Phenology, or the timing of the annual cycles of plants and animals, is extremely sensitive to changes in climate. … For example, plants may bloom before butterflies emerge to pollinate them, or caterpillars may emerge before migratory birds arrive to feed them to their young.
Why is phenology important as an indicator of climate change?
Phenology is argued to be one of the most sensitive biological indicators of climate change. Phenological shifts are often detected long before irreversible ecosystem responses are apparent. … This has enabled scientists to compare between study sites, species and different phenological events.
What is phenology and why is it important?
Phenology is nature’s calendar—when cherry trees bloom, when a robin builds its nest and when leaves turn color in the fall. Phenology is a key component of life on earth. … Phenology influences the abundance and distribution of organisms, ecosystem services, food webs, and global cycles of water and carbon.
What does the study of phenology show us about climate change?
Phenology is generally described as observation of the life-cycle phases of plants and animals and their relationship with the environment, especially climate. It involves investigation of the response of living organisms to seasonal and climatic changes in the environment in which they live.
Why is the study of phenology important?
Because phenological events are so sensitive to climate change, phenology has become a leading indicator that researchers can use to study and predict its impact. … These tools will make it easier for researchers to compare and contrast plant and animal responses to climate change over time and in different locations.
What can we learn from phenology observations?
Phenology data help us predict threats to people and the environment such as wildfires, drought or flooding. They help us decide the timing of events, from when to harvest or irrigate land to when to conduct controlled burns in forests.
What is an example of phenology?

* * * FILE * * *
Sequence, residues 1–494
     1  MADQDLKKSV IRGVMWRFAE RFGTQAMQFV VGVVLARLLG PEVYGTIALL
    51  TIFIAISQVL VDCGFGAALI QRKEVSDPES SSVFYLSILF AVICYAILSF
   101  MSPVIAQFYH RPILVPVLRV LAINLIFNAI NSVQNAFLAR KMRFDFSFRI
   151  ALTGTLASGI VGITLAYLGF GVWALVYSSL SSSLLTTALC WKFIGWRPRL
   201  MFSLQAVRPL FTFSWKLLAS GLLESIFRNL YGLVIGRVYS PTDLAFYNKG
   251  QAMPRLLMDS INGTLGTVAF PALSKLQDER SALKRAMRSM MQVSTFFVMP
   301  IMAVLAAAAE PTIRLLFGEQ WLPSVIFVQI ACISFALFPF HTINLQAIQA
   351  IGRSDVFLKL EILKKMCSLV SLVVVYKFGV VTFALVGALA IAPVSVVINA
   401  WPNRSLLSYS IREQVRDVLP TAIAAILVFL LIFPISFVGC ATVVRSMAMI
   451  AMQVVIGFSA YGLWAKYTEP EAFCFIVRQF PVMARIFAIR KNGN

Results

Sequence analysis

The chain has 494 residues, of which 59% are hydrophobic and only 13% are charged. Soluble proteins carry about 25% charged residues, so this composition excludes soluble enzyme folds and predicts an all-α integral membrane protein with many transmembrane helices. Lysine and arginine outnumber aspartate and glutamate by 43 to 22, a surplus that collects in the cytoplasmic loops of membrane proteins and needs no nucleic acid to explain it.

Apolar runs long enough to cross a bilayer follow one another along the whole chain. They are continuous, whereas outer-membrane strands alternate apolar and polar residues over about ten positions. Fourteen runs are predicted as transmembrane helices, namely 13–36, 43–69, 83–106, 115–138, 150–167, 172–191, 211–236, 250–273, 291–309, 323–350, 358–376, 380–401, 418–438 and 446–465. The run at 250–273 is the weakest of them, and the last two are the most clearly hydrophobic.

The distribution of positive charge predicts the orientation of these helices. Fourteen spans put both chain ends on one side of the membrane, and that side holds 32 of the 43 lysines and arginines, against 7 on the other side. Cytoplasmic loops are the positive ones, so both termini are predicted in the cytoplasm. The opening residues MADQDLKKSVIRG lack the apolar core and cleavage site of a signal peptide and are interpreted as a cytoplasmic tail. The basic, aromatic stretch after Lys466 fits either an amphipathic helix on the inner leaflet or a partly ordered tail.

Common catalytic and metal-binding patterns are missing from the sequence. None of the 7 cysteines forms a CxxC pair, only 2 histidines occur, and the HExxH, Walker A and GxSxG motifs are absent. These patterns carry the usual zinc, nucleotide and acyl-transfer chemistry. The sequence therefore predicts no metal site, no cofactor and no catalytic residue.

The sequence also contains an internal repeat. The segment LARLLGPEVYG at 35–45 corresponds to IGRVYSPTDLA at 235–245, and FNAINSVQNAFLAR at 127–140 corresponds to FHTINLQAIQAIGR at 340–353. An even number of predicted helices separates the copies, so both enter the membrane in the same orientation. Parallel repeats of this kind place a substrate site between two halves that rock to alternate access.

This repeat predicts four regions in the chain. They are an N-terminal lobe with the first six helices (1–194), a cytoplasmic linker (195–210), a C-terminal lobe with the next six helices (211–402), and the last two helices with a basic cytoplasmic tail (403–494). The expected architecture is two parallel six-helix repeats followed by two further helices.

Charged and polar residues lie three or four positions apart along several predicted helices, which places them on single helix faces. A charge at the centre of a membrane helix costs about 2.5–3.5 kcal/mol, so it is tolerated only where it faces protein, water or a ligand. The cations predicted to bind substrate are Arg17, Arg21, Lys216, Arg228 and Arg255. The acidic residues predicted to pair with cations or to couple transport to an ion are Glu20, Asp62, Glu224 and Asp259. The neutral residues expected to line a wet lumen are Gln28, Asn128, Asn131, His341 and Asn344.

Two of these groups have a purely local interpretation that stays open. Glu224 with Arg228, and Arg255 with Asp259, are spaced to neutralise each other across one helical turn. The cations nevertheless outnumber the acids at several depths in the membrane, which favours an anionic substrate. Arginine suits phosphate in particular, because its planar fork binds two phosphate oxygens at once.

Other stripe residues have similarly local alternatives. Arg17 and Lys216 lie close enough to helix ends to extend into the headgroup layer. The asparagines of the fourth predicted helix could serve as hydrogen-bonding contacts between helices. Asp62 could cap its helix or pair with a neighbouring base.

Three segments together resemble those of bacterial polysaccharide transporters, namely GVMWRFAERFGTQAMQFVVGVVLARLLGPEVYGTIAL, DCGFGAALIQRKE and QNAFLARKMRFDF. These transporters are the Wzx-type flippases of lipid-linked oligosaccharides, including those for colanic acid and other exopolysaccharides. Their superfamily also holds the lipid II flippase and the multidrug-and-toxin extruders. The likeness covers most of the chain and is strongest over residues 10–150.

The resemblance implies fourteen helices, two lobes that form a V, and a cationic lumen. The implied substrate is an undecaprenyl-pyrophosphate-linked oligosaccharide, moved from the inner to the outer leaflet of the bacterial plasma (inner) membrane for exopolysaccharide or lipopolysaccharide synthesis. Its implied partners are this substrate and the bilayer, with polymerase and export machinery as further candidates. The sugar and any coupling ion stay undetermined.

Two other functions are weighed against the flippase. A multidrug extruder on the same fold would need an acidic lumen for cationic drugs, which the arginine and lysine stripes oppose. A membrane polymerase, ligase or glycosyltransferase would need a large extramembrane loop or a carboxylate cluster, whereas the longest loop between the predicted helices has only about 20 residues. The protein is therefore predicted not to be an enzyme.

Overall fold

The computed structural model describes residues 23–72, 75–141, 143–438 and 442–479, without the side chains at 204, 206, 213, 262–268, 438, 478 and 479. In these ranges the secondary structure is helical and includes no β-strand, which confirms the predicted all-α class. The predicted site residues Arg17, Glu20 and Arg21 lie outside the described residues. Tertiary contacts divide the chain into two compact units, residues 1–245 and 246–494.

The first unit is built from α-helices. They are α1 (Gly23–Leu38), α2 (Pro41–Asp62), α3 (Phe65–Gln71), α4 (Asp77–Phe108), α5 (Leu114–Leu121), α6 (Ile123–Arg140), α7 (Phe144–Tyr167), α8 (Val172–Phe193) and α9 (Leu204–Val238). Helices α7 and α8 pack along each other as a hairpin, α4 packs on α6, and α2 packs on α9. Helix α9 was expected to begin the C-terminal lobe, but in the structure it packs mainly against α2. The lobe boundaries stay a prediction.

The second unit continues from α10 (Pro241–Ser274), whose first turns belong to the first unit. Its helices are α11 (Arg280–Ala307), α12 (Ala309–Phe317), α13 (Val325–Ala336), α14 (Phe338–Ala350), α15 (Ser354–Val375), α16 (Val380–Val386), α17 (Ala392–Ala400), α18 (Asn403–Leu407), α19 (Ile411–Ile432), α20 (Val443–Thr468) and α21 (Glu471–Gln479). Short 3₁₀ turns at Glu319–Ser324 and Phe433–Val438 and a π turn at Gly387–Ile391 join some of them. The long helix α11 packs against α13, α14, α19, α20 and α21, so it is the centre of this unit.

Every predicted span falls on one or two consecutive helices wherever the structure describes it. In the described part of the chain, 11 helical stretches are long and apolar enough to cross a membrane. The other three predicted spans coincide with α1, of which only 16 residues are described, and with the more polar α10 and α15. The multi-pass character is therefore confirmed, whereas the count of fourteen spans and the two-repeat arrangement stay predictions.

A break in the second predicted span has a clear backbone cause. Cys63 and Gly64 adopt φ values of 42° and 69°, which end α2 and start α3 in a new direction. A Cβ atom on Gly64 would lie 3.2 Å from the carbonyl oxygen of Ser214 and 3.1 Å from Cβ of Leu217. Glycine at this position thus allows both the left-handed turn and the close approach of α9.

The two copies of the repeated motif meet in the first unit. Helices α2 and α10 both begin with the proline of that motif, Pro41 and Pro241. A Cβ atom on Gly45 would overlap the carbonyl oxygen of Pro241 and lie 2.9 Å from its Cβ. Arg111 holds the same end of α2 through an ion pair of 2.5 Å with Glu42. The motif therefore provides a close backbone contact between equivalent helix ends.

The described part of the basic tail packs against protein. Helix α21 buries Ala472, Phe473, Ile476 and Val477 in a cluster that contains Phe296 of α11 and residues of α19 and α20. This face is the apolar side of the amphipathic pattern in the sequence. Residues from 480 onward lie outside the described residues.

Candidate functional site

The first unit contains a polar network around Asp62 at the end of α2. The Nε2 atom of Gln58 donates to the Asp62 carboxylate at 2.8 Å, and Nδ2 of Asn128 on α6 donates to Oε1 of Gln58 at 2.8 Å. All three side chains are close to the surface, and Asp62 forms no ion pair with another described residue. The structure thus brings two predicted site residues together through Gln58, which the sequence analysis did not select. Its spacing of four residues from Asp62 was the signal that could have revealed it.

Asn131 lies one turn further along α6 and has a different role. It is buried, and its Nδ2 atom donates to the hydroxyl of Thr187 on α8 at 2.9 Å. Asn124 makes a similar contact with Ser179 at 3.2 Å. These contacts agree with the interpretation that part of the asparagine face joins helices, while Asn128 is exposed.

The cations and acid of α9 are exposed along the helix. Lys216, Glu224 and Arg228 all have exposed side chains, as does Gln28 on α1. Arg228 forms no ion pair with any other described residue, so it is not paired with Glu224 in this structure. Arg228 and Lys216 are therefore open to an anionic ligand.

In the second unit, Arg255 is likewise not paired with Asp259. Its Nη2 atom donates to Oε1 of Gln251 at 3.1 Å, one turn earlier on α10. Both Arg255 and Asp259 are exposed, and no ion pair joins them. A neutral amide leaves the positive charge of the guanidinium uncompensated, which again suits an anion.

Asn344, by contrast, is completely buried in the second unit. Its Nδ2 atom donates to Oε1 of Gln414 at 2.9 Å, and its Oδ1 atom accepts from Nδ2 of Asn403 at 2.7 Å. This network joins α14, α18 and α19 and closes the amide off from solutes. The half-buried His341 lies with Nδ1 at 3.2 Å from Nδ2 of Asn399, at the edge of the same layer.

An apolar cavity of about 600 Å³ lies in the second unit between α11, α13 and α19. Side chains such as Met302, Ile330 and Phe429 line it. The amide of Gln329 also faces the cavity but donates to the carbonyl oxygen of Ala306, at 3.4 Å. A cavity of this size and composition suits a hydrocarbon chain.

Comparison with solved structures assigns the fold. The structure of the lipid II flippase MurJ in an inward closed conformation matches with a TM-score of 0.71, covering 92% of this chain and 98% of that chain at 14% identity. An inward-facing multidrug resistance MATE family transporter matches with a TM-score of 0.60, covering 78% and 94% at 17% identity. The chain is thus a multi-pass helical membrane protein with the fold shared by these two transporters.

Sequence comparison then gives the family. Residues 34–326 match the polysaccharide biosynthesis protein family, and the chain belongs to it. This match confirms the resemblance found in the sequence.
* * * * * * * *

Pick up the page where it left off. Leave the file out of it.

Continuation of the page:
Examples include the date of emergence of leaves and flowers, the first flight of butterflies, the first appearance of migratory birds, the date of leaf colouring and fall in deciduous trees, the dates of egg-laying of birds and amphibia, or the timing of the developmental cycles of temperate-zone honey bee colonies.
What happens if phenology changes?
If the phenology of a species is shifting at a different rate from that of the species that make-up its ecological conditions, this will lead to mistiming of its seasonal activities (Visser et al. 2004) or, to use an alternative terminology, to a mismatch in phenology (Stenseth & Mysterud 2002).
What are the things that influence phenology?
Phenology cycles and deviations from entrained patterns may be influenced by the potentially interacting effects of radiation, rainfall, and temperature. Flowering and the flushing of new leaves should coincide with high insolation, to take advantage of high photosynthetic activity (Opler et al.
How does climate change affect phenology of trees?
Climate change alters the bioclimatic conditions during the growing period of trees directly, but also indirectly by causing shifts in spring and autumn leaf phenology that lead to changes in the timing and length of the growing period.
How does climate change affect plant phenology?
Immediate along with delayed climate effects suggest dual triggers in plant phenology. Climatic models accounted for more than 80% of variability in flowering and leaf unfolding dates, and in length of the growing season, but for lower proportions in fruiting and leaf falling.